Notes from the Elevator : A poem by Uzma Falak

Photo by Uzma Falak

I am in the elevator. It goes down, then up, and down again.
Time contracts. Nausea.

A river flows inside me
a river cradling corpses.

Taste of mud 
blood and decay unite on my tongue.

I hear the apocalyptic sounds of the elevator, outside.
the savage sounds of the river’s timelessness, inside.

The river cradling the corpses is home. 
The elevator is not.

The river is flowing against time.
The elevator is racing along time.

The river moves horizontally, 
the elevator vertically;

the geometric intersection where they meet is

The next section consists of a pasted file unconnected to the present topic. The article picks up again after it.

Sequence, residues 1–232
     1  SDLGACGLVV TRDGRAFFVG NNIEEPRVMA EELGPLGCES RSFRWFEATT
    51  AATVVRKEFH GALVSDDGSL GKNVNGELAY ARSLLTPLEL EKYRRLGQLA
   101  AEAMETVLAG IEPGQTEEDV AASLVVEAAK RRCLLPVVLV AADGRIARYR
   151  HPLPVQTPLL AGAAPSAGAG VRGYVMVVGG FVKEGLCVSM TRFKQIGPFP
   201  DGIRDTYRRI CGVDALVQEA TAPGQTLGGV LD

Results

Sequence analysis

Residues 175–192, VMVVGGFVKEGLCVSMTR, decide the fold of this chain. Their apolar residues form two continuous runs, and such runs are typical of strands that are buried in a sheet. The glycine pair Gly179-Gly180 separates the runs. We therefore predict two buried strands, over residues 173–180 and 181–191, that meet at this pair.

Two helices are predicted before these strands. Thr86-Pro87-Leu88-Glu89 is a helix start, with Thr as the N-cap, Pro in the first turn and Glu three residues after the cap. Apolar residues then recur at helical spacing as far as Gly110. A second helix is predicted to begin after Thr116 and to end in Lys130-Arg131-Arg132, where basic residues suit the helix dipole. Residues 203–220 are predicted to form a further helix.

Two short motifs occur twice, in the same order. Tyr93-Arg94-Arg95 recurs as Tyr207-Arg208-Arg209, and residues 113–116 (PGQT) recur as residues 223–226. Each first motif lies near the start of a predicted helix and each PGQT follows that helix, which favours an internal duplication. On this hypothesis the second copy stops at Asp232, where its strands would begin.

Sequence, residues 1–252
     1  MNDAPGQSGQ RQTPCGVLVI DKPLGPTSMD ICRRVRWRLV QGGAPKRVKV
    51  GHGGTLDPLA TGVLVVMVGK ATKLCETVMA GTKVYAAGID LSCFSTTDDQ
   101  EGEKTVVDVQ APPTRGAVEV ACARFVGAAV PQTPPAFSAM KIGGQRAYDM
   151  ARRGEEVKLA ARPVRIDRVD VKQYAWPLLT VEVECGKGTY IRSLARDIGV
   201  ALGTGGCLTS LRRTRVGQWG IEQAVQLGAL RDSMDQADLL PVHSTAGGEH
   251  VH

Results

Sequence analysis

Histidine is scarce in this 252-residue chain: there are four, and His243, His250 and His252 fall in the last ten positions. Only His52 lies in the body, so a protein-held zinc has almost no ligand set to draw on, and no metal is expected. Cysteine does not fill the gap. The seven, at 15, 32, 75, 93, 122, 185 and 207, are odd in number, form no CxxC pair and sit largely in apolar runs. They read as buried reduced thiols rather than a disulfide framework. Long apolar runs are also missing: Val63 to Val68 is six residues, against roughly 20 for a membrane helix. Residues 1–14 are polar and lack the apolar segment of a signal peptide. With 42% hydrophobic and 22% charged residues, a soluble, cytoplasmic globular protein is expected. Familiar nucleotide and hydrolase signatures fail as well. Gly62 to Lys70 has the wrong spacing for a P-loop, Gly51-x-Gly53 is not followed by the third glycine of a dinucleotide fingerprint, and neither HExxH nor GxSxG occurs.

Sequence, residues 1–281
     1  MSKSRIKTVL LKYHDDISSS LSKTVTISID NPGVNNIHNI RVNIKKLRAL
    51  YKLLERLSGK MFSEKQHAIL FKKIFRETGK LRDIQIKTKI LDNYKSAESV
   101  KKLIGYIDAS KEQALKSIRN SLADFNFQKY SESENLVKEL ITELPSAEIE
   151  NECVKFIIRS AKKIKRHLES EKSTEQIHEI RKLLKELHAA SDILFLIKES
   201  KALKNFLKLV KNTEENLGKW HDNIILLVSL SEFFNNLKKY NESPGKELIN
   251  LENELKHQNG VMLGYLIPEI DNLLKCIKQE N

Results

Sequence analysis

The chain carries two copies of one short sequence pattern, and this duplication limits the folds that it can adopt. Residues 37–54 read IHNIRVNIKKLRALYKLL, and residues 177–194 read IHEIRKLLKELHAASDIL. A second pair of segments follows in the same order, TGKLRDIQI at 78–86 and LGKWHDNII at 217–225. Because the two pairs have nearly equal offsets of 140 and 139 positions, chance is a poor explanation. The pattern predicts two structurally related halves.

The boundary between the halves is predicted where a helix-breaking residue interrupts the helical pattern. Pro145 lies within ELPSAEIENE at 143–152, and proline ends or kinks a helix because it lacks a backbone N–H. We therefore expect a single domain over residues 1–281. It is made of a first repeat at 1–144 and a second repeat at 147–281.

where my gut is,
where I now feel a throbbing pain,
a laceration.

I rush out to the empty hallway 
where a lamp flickers—
bouts of light and dark.

The river with corpses.
The elevator.

What could be a balm to the eyes which see dead in the sleep 
and dead upon waking up.

What heals the gut which harbours death 
and lives inside death.

What cures the heart, which despite its death,
continues to tick like a clock.

Where does one bury bones which long to be home 
which isn’t.

Such questions must end with full stops not interrogation marks.

The empty elevator invites me again. I comply.
Up. Down. Vertigo. River.

I find my home exactly at the point of intersection-
my gut;

the point where time intersects time.
where a dead has pillowed her head on her own dead arm.

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